Accueil du site > Recrutement > Thèses au LPT > Stochastic extension of mean field theories

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- 12 octobre 2014Toutes les versions de cet article : English , français

*PhD advisors :* Eric Suraud & Phuong Mai Dinh

The quantum description of dissipative mechanisms in finite quantum systems is a long standing question in physics. The problem was originally pointed out by N. Bohr in the late thirties, taking as an illustration the case of a nucleus hit by a neutron, which progressively heats up the system. Since then, the question was addressed in particular in nuclear physics a few decades ago, with the results that mostly classical and/or semi-classical approaches were developed. No convincing fully quantum approach could be developed, which means that a bunch of dynamical scenarios (where quantum effects still play a role in spite of dissipative trends) cannot be addressed. Since a few years there is a strong experimental motivation on such questions, now in the case of nanostructures and molecules irradiated by possibly intense lasers. This motivated an increasing number of theoretical investigations, mostly on the basis of the well developed Time Dependent Density Functional Theory (TDDFT), which, in its standard formulations, provides a robust effective mean field description of many low-energy dynamical scenarios. Still, by construction as mean fields, these TDDFT approaches fail to account for dissipative effects leading to the (observed) electronic pattern. There is thus a crucial need for a formal and practical route to account for dissipative/thermalization features on top of quantum mean field.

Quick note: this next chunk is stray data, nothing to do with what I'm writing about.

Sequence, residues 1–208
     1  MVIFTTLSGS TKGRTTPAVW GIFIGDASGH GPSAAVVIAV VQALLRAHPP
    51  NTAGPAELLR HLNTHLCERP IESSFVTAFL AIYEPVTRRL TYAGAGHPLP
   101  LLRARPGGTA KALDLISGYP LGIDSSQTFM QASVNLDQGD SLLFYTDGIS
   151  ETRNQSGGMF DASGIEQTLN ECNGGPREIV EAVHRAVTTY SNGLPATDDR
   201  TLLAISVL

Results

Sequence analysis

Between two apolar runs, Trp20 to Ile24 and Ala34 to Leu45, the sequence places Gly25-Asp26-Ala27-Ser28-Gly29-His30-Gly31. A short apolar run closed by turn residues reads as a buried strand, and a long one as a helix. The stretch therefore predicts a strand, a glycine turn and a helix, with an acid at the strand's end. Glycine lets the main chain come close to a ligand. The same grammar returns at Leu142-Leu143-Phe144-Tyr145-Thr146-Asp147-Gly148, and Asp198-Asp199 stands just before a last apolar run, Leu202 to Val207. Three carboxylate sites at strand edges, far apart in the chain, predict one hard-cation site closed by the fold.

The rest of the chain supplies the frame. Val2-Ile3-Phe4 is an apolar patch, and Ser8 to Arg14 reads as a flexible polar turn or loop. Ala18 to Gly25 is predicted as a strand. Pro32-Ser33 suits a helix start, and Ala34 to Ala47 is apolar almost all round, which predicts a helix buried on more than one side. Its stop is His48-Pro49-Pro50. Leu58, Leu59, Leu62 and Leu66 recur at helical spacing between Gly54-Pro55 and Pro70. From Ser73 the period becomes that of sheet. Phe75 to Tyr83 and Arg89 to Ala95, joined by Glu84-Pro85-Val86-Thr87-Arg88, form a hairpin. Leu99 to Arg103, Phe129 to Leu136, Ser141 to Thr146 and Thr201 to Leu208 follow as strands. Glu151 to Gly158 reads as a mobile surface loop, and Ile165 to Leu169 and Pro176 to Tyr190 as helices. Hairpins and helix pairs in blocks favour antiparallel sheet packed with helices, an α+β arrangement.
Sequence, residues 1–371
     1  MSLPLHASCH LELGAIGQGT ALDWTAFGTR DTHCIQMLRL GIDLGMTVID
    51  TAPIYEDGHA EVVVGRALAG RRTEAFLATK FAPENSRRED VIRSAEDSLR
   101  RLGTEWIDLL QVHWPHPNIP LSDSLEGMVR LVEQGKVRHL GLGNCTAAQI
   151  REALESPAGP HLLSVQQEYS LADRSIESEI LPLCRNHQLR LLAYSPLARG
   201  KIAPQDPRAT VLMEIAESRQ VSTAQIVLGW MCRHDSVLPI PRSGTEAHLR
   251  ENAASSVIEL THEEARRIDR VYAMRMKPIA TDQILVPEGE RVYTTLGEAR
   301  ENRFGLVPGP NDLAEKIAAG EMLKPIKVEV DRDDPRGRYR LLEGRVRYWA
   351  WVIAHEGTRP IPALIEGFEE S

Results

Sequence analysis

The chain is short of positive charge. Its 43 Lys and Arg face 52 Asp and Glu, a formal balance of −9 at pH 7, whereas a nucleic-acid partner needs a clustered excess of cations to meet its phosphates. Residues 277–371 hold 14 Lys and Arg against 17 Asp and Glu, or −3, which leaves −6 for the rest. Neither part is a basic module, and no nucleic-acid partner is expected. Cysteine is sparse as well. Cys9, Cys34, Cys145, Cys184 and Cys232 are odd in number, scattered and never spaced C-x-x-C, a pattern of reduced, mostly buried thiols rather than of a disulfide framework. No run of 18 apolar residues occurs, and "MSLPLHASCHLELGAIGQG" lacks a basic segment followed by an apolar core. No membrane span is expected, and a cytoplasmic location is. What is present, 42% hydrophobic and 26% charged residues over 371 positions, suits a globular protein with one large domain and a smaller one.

We propose in this project a formalism allowing us to describe the collisional correlations responsible for thermalization effects in quantum finite systems, with applications in nanostructures and molecules. The approach is built as a stochastic extension of TDDFT in its standard effective mean field version. Correlations are treated in time dependent perturbation theory and loss of coherence is assumed at some time intervals. This allows a stochastic reduction of the correlated dynamics in terms of a stochastic ensemble of pure time dependent mean-field states. This theory was formulated long ago for density matrices but has never been applied in practical cases because of its computational involvement. With a proper reformulation of the theory in terms of wave functions, applications are now conceivable and first tests have been successfully led in a simplified 1D model. This opens up the road to a thorough investigation of the theory both from the formal and practical points of view. At formal side there remains open questions of conservation laws and on how to export the theory at moderate excitations where the stochastic reduction calls for too large samplings so that a reformulation is mandatory in terms of a mixed state rather than the previous ensemble of pure states. At practical side, the new theory needs to be tested in realistic examples and benchmarked against model cases where exact solutions can be provided. The work will consist in getting familiar with the theory and participating in either formal or numerical aspects on some specific open questions.

[1] E. Suraud, P.G. Reinhard, New J. Phys. **16** (2014) 063066

[2] N. Slama, P.-G. Reinhard, E. Suraud, Ann. Phys. (NY) **355** (2015) 182

[3] L. Lacombe, P.G. Reinhard, E. Suraud, P. M. Dinh, Ann. Phys. (NY) **373** (2016) 216

**Contact : ** Eric Suraud and Phuong Mai Dinh

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